Why your husband IS as important as your baby

Parenting guru: Gina Ford

Parenting guru Gina Ford has ignited a row over the taboo subject of when parents should have sex after a baby

For the past few years, Gina Ford has been the nanny liberals love to hate. She’s been vilified for her controversial advice that new mothers should stick to a rigid routine, not to mention her advocacy of ‘controlled crying’, and condemned for not being a mother herself.

Now her new book, The Contented Mother’s Guide, has ignited yet another row, this time over that most taboo of subjects: sex after a baby.
What’s her latest hand grenade Wait for it — she thinks that new mothers should not forget the importance of their relationship with their husbands.

There’s been predictable outrage from everyone from Mumsnet to the National Childbirth Trust — and, for the life of me, I can’t see why. The dirty little secret in too many marriages, post-children, is that couples gradually grow further apart.

There are few undertakings more exhausting than having children, or potentially more damaging to a relationship. Every couple I know with young children engages in competitive tiredness (‘But you slept last Saturday!’).

Without the bonds of intimacy, small resentments — nourished by lack of sleep — creep up on you, unannounced, until one day you realise the strong relationship you took for granted has become dangerously brittle.

We’re living through the most child‑centric period of our history. We’re encouraged to see our children as an extension of ourselves, and we pour energy into making them as perfect as possible. We want them to have all the opportunities we didn’t, whether that means going to a top university, playing the piano or being a county tennis champion.

Gina Ford

Seizing the day: Gina Ford has done new mothers a favour by reminding them of a man's needs and suggesting that they take early action

To pay for all this, we work longer and longer hours, and become more and more tired. Is it any wonder so many women are too exhausted for sex

For some mothers, their children become the all-consuming focus of their lives. They rattle along for years in an empty marriage until brought up short by an empty nest.

Most men, however, can’t simply rattle along. All Gina Ford has done is to suggest that we remember this and take early, preventative action. It’s hardly on a par with suggesting you beat your children. Yet once again she’s being treated as a bogeywoman.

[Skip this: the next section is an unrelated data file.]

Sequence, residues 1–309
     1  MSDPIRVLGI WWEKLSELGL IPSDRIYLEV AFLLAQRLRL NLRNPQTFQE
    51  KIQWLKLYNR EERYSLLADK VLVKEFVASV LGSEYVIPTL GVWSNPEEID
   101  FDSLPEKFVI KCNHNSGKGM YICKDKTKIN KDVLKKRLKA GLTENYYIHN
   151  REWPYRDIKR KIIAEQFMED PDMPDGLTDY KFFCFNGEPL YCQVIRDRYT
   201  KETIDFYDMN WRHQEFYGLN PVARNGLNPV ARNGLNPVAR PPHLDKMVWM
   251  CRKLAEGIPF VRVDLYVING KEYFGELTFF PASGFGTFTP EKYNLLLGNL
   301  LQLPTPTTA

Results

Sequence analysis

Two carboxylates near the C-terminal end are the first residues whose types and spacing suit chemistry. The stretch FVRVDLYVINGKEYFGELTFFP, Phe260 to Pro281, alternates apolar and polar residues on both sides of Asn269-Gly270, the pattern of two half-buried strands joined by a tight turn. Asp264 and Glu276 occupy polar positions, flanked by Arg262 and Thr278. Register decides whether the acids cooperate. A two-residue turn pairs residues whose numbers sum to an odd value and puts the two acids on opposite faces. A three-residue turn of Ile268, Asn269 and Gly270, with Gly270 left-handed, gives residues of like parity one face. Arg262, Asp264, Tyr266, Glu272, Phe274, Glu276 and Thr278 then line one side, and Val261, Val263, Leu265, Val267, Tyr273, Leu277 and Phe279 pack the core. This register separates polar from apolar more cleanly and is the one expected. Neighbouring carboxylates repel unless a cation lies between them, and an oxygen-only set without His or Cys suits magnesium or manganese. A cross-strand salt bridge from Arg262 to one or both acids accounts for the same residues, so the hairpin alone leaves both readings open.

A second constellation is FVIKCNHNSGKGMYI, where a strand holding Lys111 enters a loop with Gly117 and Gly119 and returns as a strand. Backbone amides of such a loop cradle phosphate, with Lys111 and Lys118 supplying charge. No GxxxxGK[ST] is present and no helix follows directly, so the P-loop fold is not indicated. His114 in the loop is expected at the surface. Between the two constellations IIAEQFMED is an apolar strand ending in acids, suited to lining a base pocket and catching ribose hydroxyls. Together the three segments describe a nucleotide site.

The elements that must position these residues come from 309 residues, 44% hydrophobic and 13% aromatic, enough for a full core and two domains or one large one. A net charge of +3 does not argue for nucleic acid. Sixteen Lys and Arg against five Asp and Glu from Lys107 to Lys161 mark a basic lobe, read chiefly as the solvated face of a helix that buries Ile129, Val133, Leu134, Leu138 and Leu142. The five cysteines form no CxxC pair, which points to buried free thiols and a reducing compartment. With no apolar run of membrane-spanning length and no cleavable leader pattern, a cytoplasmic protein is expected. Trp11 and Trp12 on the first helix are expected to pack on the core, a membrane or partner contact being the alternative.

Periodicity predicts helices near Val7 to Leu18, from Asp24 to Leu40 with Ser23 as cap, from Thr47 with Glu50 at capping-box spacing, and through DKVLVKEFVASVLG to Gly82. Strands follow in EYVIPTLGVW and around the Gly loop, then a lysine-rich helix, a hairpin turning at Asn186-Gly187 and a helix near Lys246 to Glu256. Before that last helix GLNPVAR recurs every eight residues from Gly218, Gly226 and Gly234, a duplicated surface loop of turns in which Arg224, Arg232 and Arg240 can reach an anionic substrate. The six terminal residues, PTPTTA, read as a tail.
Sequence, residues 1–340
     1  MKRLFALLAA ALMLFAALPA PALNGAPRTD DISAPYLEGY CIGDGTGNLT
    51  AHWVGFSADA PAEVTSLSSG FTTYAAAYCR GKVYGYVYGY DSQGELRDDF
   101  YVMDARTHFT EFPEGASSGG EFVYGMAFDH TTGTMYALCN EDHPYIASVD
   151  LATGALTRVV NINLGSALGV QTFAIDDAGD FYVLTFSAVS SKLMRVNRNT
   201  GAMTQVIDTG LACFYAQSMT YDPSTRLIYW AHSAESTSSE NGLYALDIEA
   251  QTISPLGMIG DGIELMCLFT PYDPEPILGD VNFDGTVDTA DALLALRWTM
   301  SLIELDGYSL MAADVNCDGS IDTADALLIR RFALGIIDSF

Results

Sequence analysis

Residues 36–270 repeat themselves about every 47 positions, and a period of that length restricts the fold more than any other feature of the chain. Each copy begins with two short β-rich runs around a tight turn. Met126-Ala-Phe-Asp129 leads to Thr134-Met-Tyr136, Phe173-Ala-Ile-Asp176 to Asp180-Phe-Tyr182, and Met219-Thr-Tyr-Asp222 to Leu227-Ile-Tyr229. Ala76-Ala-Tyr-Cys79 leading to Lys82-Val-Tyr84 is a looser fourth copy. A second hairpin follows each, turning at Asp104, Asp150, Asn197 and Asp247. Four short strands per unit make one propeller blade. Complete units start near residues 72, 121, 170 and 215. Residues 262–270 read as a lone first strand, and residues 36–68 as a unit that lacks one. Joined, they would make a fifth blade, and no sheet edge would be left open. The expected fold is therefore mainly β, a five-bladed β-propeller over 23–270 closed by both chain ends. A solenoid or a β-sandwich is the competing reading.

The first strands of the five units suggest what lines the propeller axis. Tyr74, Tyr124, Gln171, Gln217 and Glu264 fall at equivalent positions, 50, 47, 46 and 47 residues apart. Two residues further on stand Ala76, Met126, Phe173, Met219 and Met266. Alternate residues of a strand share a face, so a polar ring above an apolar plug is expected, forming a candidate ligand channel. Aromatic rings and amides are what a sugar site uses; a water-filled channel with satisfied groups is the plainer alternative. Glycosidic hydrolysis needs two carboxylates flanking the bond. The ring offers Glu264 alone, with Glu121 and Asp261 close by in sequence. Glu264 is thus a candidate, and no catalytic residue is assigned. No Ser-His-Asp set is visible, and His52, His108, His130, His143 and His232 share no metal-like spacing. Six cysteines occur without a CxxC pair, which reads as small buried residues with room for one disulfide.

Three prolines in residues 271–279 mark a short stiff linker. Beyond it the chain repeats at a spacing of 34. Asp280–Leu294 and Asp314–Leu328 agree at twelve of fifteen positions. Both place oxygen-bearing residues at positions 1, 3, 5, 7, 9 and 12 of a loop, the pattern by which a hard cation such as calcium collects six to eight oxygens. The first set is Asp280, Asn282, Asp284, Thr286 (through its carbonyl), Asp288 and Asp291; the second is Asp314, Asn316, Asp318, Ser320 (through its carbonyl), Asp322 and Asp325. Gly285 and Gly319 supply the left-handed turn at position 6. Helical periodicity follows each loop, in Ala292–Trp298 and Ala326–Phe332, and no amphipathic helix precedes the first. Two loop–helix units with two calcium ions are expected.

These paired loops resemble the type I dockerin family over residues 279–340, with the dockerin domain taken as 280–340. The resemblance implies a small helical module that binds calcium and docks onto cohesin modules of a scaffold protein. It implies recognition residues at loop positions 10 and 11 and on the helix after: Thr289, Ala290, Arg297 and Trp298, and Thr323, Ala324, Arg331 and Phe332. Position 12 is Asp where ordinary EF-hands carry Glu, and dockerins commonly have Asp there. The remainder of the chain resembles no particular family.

I must confess to being a Gina Ford convert. For the first six months of my daughter’s life, I barely slept. Her colicky pains began at around 6pm each evening, and despite my best efforts — administering gripe water, winding her, rocking her — they continued throughout much of each night. I remember craving sleep much as an addict craves heroin: it became my sole obsession.

Throughout these early months, I used the revered child psychologist Penelope Leach’s definitive parenting manual Your Baby And Child, which counselled you to let your baby dictate the pace. Let your baby sleep when it wanted to sleep and eat when it wanted to eat. All you, the new mother, had to do was lovingly go with the flow.

There may well be some saintly earth goddesses — perhaps with staff, in a delightful villa somewhere warm — who manage not just to survive but to thrive on the Leach method. As a besotted but bone‑achingly weary first-time mother in a one-bedroom London flat, I was not one of them.

No sex please, we're exhausted: New parents can find it hard to communicate and rediscover the intimacy they had before their baby arrived

No sex please, we're exhausted: For some mothers, children become the all-consuming focus of their lives, and they mope along in an empty marriage

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Tragic: Madeline said her manifesto was 'only meant to be a light-hearted satire'

No age of innocence

Yesterday, Joan Bakewell attacked teen magazines for fuelling the premature sexualisation of young girls.

It’s not just the magazines — which in my experience are actually read by pre-teens — but the omnipresence of porn that has desensitised young people.